Staff continue to work collaboratively with Metrolinx to find a way to restart the Kerr Street Grade Separation project and deliver this critical mobility project. Updates will be provided to Council and the community as these discussions progress.
Based on the initial $130 million estimate, the town’s 50 per cent share of the project i.e. $65 million would be funded 80 per cent from development charges from developers and 20 per cent from town reserves. Discussions are ongoing regarding the cost of the project for the town and way forward to restart the project.
Oakville is extremely disappointed with the deferral of this project. Not only has the cost risen significantly, but Oakville was not informed of this earlier in the process.The town is now assessing funding options to bring back this project. We would have liked to see more:
Project cost could fluctuate due to many factors such inflation, cost of construction, and the COVID-19 pandemic. Metrolinx had decided to indefinitely defer the project "until construction costs fall." However, Oakville is disappointed that we were not notified of the significant cost increase in a timely manner, so we could have worked collaboratively with Metrolinx to address solutions as this is an important infrastructure project.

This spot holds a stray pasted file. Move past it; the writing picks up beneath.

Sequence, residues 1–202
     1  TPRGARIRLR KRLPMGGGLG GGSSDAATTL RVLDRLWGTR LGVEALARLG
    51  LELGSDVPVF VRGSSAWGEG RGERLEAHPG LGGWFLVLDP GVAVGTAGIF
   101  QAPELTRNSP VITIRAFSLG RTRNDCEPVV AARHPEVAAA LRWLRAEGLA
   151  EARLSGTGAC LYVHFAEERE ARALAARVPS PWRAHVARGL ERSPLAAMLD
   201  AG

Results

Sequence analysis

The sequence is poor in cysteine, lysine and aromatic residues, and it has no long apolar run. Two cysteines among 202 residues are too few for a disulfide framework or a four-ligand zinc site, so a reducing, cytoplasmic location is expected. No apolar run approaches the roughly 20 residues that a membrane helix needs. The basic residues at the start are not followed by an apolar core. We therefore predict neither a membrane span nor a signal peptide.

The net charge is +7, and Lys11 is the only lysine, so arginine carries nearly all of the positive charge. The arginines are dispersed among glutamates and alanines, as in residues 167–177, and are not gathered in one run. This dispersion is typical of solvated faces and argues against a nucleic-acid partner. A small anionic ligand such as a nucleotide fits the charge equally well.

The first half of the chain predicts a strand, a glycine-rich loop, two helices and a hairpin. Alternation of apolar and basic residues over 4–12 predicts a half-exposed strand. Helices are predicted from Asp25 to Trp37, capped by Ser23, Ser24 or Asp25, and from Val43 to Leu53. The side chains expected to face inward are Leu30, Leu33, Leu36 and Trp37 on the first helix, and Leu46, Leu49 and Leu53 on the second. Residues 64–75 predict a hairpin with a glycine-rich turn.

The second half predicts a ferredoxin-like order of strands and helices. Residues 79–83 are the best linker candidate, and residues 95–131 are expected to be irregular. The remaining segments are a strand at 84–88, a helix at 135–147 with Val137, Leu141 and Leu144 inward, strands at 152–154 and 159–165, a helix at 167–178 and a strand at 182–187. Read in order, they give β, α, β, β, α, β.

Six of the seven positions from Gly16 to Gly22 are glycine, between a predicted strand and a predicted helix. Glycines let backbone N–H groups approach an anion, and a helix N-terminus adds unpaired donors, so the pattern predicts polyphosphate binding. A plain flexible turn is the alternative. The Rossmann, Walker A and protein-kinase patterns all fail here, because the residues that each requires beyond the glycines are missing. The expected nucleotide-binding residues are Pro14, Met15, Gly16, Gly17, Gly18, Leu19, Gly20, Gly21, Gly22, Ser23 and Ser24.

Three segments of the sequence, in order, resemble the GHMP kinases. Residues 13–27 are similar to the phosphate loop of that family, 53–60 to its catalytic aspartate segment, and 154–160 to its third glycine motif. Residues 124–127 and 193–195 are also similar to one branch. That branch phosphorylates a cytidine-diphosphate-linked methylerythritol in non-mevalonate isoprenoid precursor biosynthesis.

So far, the town has spent $6.9 million.
It will not only impact the town’s mobility plans, but also the Provincial Growth Plan to accommodate a growing population close to GO transit connections.
We know this public safety project is important for our community. Town Council and staff are going to assess the situation to determine next steps on explore how to all options possible to minimize this unfair burden on our taxpayers. Staff provided an update to Council on June 7, 2022, noting that discussions with Metrolinx are focused on options to establish a solution that will reduce project costs, reducing the length of time required for construction and addressing the planned and potential development and growth in the Kerr Street growth node.
The scope of the project was based on what Oakville needs to maintain public safety in the area as GO Transit frequency increases in 2025. This is about improving vehicle, pedestrian and cyclist and GO Transit commuter safety.
The Town of Oakville remains in a solid financial position. There will be no change to 2022 property taxes as they have already been finalized in December 2021 when Council approved the 2022 Budget. Council and staff will continue to explore all available options now and future budgets to determine the future of the project.
We will examine all options, including if there are other avenues for provincial or federal funding.
Appendix A - Minutes and Correspondence (pdf)
Appendix B - Public Consultation (pdf)
Appendix C - Natural Environment Review (pdf)
Appendix D - Noise Analysis (pdf)
Appendix E - Geotechnical Report (pdf)
Appendix F - Built Heritage Review (pdf)
Appendix G - Archaeology Review (pdf)
Jill Stephen, Director
Transportation and Engineering